Orphans' Lonely Beginnings Reveal How Parents Shape A Child's Brain, by Jon Hamilton. NPR, February 24, 2014.  “Parents do a lot more than make sure a child has food and shelter, researchers say. They play a critical role in brain development. More than a decade of research on children raised in institutions shows that "neglect is awful for the brain," says Charles Nelson, a professor of pediatrics at Harvard Medical School and Boston Children's Hospital. Without someone who is a reliable source of attention, affection and stimulation, he says, "the wiring of the brain goes awry." The result can be long-term mental and emotional problems.”

Higher risks among perinatal women with bipolar disorder, by Brown University. ScienceDaily, February 24, 2014.  “Women with bipolar disorder often struggle with the illness during and after pregnancy. A new study finds that they were significantly more likely to face important psychiatric and childrearing challenges compared to women who were seeking treatment for other psychiatric disorders. The findings indicate the importance of properly identifying the disorder and developing specific treatments for women during and after pregnancy, the lead author states.”

In Texting Era, Crisis Hotlines Put Help at Youths’ Fingertips, by Leslie Kaufman. New York Times, February 04, 2014.  “While counseling by phone remains far more prevalent, texting has become such a fundamental way to communicate, particularly among people under 20, that crisis groups have begun to adopt it as an alternative way of providing emergency services and counseling. Texting provides privacy that can be crucial if a person feels threatened by someone near them, counselors say. It also looks more natural if the teenager is in public.”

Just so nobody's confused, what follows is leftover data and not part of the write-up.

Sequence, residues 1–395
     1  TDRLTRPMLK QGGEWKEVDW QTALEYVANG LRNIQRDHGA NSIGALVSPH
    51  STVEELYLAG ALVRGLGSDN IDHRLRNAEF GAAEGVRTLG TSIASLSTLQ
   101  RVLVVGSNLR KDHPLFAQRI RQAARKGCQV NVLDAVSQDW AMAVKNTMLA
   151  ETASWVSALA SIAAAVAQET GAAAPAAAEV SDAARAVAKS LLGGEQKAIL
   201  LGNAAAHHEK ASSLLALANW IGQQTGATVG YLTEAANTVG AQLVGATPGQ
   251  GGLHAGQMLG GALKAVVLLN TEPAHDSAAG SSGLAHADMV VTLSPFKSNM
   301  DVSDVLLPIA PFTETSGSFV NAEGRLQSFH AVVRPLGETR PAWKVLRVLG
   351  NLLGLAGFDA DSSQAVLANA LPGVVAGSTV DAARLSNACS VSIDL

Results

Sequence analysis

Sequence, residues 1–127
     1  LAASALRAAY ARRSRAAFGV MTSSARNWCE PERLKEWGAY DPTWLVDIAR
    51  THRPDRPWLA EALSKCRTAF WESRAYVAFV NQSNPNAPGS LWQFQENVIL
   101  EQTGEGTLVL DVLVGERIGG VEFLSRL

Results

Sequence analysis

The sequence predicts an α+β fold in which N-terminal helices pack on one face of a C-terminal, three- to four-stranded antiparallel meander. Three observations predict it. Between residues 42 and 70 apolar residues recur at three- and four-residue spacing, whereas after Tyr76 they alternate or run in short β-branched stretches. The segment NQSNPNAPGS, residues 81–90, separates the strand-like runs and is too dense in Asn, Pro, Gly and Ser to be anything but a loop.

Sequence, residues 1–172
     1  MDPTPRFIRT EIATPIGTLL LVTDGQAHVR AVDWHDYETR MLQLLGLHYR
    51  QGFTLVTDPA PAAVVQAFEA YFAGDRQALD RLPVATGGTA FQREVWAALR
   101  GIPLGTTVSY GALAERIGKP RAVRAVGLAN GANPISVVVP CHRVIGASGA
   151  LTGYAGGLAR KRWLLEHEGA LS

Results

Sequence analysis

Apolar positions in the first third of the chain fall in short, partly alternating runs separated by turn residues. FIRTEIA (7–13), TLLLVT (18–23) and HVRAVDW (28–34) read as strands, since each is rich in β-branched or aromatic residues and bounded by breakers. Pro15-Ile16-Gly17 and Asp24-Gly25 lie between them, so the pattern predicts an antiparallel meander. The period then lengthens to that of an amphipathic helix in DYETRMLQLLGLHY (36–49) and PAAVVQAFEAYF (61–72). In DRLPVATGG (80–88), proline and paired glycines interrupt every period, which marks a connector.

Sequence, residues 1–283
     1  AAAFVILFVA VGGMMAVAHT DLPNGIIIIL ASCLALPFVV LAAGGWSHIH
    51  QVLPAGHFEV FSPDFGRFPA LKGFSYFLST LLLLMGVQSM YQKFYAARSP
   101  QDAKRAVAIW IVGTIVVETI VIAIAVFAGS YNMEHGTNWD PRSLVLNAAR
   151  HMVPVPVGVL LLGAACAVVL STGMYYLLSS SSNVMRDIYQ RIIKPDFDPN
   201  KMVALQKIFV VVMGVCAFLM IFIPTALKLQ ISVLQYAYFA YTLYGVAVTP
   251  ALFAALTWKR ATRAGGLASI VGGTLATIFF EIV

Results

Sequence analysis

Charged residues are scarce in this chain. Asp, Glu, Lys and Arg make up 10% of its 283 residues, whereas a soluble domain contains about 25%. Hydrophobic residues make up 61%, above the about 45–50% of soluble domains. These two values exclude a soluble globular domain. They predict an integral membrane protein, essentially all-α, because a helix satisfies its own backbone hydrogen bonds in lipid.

The Foolproof Way to Improve Your ADHD Child’s Social Skills, by Lisa Aro. Everyday Health, January 21, 2014.  “Impulsiveness, frustration, and impatience can often leads to inappropriate or aggressive behavior. While discipline is important it means nothing in the if end the child hasn’t learned new skills to help them cope with the situations they face every day. Social stories can help you teach your child those skills.”

Yelling, threatening parents harm teens' mental health, by Allison Bond. Reuters, December 10, 2013.  “Threatening or screaming at teenagers may put them at higher risk for depression and disruptive behaviors such as rule-breaking, a new study suggests. "The take home point is that the verbal behaviors matter," Annette Mahoney, who worked on the study, said. She's a professor of psychology at Bowling Green State University in Ohio. "It can be easy to overlook that, but our study shows that the verbal hostility is really relevant, particularly for mothers who scream and hit, and for fathers who do either one," Mahoney told Reuters Health.”